From Mary Jo:
I promise this is the last Blatant Self-Promotion piece I will post for a while! Really, it wasn’t my choice to have three books coming out in two months, but this sort of thing happens regularly in publishing, especially if your work is published by more than one house. (After enough years in this business, an author ends up having danced with just about every publisher in town. I’ve had publications with Ballantine, Signet, Del Rey, Berkley, Kensington, Roc, Harlequin, DAW, and several small presses. And maybe a couple of others I’ve forgotten!)
Today’s book for flogging is the July paperback edition of STOLEN MAGIC, which came out in hardcover last summer. Both editions are published by Del Rey, the science fiction/fantasy imprint of Ballantine Books. They’re also published with “M. J. Putney” on the cover. The intent was not to confuse anyone—for that, one would choose a completely different name. Rather, the idea was to signal that this book is a little different from books with “Mary Jo Putney” on the cover. My Ballantine and Del Rey books are made from the same ingredients—history, romance, and fantasy—but the proportions are a little different.
The Ballantine books, such as June’s THE MARRIAGE SPELL, are classical historical romance with the plot line centered on the developing relationship of the hero and heroine. There’s magic, but the relationship is the core of the story. For Del Rey, there’s a larger canvas with more history, yet the romance is still integral.
The plot of Stolen Magic was the first fantasy idea I ever had, years before I wrote it. I had the idea of a man who was forcibly transformed into a unicorn by an enemy. He manages to escape, but is recaptured when the villain stakes out a virgin, which is bait a unicorn can’t resist. The maiden is horrified to learn that she has been used to capture such a glorious creature, so she risks her life to free the unicorn. When he goes, he takes her with him—and that’s the first few chapters of Stolen Magic.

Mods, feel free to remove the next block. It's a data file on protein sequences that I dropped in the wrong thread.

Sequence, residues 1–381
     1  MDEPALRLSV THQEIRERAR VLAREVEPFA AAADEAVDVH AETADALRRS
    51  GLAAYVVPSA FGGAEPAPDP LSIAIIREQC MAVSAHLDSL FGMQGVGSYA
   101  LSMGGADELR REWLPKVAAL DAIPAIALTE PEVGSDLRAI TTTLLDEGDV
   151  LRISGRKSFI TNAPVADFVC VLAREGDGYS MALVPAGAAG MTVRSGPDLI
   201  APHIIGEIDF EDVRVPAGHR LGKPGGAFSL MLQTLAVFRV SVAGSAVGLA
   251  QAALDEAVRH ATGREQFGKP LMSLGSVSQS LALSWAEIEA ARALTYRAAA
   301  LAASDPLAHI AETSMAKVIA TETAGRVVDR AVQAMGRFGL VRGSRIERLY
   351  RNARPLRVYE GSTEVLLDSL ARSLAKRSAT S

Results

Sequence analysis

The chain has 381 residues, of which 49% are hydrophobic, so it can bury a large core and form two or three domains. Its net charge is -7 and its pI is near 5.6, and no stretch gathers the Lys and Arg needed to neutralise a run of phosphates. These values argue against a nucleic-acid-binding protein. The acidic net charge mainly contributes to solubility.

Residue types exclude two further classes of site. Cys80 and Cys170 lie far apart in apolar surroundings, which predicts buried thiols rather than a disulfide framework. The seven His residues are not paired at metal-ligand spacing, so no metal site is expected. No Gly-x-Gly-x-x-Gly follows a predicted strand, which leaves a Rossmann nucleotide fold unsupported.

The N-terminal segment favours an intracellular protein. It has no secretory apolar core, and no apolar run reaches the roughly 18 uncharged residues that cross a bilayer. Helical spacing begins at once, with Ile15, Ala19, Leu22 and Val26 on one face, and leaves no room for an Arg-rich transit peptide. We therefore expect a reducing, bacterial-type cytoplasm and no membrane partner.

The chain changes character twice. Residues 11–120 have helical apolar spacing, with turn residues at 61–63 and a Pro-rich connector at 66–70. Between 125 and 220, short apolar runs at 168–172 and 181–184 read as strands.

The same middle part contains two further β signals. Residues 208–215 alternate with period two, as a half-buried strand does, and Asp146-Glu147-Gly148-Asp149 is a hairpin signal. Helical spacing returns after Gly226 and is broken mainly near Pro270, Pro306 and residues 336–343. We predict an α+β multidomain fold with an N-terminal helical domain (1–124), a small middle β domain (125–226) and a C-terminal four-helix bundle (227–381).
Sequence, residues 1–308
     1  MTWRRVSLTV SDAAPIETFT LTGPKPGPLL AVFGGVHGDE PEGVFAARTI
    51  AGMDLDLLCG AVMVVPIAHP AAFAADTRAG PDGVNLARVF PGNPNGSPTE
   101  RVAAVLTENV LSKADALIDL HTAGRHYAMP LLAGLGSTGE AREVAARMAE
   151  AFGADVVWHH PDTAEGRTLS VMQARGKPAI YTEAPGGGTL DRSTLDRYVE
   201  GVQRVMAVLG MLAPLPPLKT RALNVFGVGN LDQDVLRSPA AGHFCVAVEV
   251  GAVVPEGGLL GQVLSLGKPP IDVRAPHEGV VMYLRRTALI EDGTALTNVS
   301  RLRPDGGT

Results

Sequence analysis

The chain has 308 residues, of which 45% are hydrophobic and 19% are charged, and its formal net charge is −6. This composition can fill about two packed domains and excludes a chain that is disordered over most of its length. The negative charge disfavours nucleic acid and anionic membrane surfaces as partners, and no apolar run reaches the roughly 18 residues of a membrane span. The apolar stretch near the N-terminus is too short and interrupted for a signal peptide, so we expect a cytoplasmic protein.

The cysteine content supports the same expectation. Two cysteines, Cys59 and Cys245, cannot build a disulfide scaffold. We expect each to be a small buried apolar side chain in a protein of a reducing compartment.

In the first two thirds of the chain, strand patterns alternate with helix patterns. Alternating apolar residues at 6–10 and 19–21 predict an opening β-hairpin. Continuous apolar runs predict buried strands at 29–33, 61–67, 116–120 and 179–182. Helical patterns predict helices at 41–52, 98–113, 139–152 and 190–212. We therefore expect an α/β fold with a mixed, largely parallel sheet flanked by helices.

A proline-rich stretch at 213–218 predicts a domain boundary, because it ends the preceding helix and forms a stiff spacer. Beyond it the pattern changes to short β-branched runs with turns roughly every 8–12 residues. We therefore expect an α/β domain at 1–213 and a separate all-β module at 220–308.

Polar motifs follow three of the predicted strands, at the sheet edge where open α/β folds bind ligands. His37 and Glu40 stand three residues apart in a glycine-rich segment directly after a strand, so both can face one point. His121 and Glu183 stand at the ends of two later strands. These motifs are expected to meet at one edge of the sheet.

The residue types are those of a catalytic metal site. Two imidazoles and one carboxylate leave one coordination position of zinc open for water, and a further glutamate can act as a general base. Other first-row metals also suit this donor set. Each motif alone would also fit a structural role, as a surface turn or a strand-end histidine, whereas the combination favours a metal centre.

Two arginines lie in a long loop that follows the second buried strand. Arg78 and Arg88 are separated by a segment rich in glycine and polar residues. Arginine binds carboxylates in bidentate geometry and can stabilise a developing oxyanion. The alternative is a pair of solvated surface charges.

It’s not uncommon for my stories to start with a single situation like this. This idea stayed in the back of my mind for years because A) I didn’t think a romance editor would want such a fantasy idea, and B) I didn’t want to write a medieval, since I’m not particularly fond of them.
The light bulb came on when I realized that the story could be written as a Regency. Granted, many fantasy novels take place in generic medieval settings–swords and sorcery so often go together–but there’s no law that actually requires it. Regency rocks! So I did some world-building and plot development, then pitched my editor. I carefully mustered my arguments for adding fantasy to historical romance—and found that she was a fantasy fan and I had her as soon as I said “Guardians.”
At that same time, I pitched the idea that became A Kiss of Fate. Since that was tied to the Jacobite rebellion of 1745, I ended up moving the unicorn story to the same time period. Now I’m glad. I’d never written a Georgian, but it’s a somewhat wilder and woollier period than the Regency, and it suits my Guardians. (The Regency Stone Saints of The Marriage Spell are a story for another day. <g>)
Last summer, Stolen Magic came out in hardcover from Del Rey, Ballantine’s science fiction and fantasy imprint, and now the paperback is a July release. It’s supposed to be shelved in the ssf sections of the chain bookstores, but who knows? It could turn up in romance as well. I was tickled when Booklist, the magazine of the American Library Association, named the book to its top ten list for 2005. It was a top ten romance, not fantasy, but no matter. I’m still tickled. <g>
As a little bonus for the release of the paperback, I’m posting the prologue that I wrote but cut out in revisions when my editor suggested it wasn’t necessary. I thought about it and decided she was right—the heroine, Meg, was more mysterious without the prologue. But if you’re curious, here it is. (Someday I’ll blog about prologues.) http://mjputney.com/ On the site, you can click on a regular excerpt as well as the prologue.
Some reviews for Stolen Magic:
"(A) spellbinding romantic fantasy…Putney’s skill as a historical romance novelist serves her well in the depiction of London and the subplot featuring a gifted developer of the steam engine. The love that grows between Simon and Meg…includes some wonderfully steamy moments. (R)aises anticipation for the next installment."
“Brilliantly pairing romance with fantasy, love with magic, and real history with speculative fiction, M. J. Putney has created another masterpiece of a series to rival her straight historical romances, the Fallen Angels. STOLEN MAGIC is eminently enjoyable by itself, and A KISS OF FATE can be read first or second. No one should miss getting in at the beginning of this riveting new series. May it run for years to come.”
Jane Bowers, Romance Reviews Today www.romrevtoday.com/
And that’s it for the Blatant Self-Promotion—at least until September!